Wal-Mart plugs into third phase of RFID test

Wal-Mart plugs into third phase of RFID test – News

BENTONVILLE, Ark.–Wal-Mart and several major consumer package good companies are moving into the third, highly significant phase of a test of a new electronic code technology that could cut supply chain costs by billions of dollars.

In addition, Wal-Mart and U.K.-based retailer Tesco are going to launch a second separate test in partnership with Gillette. Both tests are expected to start late this month or early next month, sources said.

In both tests, individual products will be encrypted with an electronic product code that provides a unique ID or serial number for each individual item. Antennae wired into the store’s shelves will be able to read the tags using radio frequency technology, making it possible for a store manager at any time to know exactly how many packages of a product, like Mach3 razors, are in the store and where those items are located.

The technology for EPC, which was developed by the Auto-ID Center at MIT, has the potential to significantly reduce shrink, speed up delivery times, improve forecasting accuracy and expedite product recalls for the return of damaged or non-salable goods. The item-level tests at Wal-Mart will determine whether the benefits of EPC significantly outweigh the cost of implementing the program.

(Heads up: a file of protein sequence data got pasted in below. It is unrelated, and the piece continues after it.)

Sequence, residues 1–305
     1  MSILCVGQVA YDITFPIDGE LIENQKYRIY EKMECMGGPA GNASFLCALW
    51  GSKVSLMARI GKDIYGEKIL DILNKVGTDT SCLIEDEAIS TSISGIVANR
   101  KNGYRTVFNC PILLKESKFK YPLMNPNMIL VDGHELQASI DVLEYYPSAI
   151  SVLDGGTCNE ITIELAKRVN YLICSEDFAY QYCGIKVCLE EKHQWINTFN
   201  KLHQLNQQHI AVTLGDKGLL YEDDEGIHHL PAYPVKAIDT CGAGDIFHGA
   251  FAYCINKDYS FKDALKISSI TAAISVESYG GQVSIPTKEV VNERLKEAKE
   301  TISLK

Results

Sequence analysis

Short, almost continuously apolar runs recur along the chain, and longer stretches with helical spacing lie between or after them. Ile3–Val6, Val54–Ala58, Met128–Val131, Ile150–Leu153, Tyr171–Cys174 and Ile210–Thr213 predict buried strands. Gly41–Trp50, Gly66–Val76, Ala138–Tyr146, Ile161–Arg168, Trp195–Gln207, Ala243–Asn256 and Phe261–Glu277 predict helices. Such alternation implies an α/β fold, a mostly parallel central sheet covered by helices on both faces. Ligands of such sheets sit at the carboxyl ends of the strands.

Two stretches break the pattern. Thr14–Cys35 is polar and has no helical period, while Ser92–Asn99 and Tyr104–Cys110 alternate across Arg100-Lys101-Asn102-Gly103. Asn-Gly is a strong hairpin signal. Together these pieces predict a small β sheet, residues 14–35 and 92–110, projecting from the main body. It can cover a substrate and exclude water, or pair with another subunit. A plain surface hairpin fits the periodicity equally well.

Bill Wertz, a spokesman for Wal-Mart, Procter & Gamble’s Larry Kellam and Paul Fox at Gillette say the results from phases one and two of the Auto-ID Center tests are promising, but it is too soon to quantify cost/benefits. Wertz added that Wal-Mart sees “a lot of potential in this technology.”

Products being tested at the item level in phase three will include brands from Unilever, Johnson & Johnson, Coke and Pepsi, as well as P&G and Gillette. Wertz said P&G will be putting the tiny EPC tags on its most expensive lipstick brand, Max Factor Lipfinity. In the Wal-Mart and Tesco field tests, Gillette products Mach3 and Venus in the razor category will be tested.

In a move that may signal growing acceptance of the technology on a mass scale, Gillette last January placed what is to date the largest order ever for EPC tags–an order for 500 million tags.

Paul Fox, a spokesman for Gillette, said that order “is probably significantly more than all the total number of EPC tags now on the market.”

Fox declined to reveal how much Gillette is paying for the half a billion chips, but he did say that the cost is at or under 10 cents a chip, the point where the technology becomes affordable enough to be put on individual items with retails in the $10 vicinity. The manufacturer of the tags is Boston-based Alien Technologies, another Auto-ID Center member company.

The scientists at the Auto-ID Center, which is a consortium of leading retailers, consumer good companies and technology companies, created the UPC code more than 20 years a go. The op en standard EPC code, which can carry much more information than a UPC code, is considered the logical “next generation” replacement for the UPC code.

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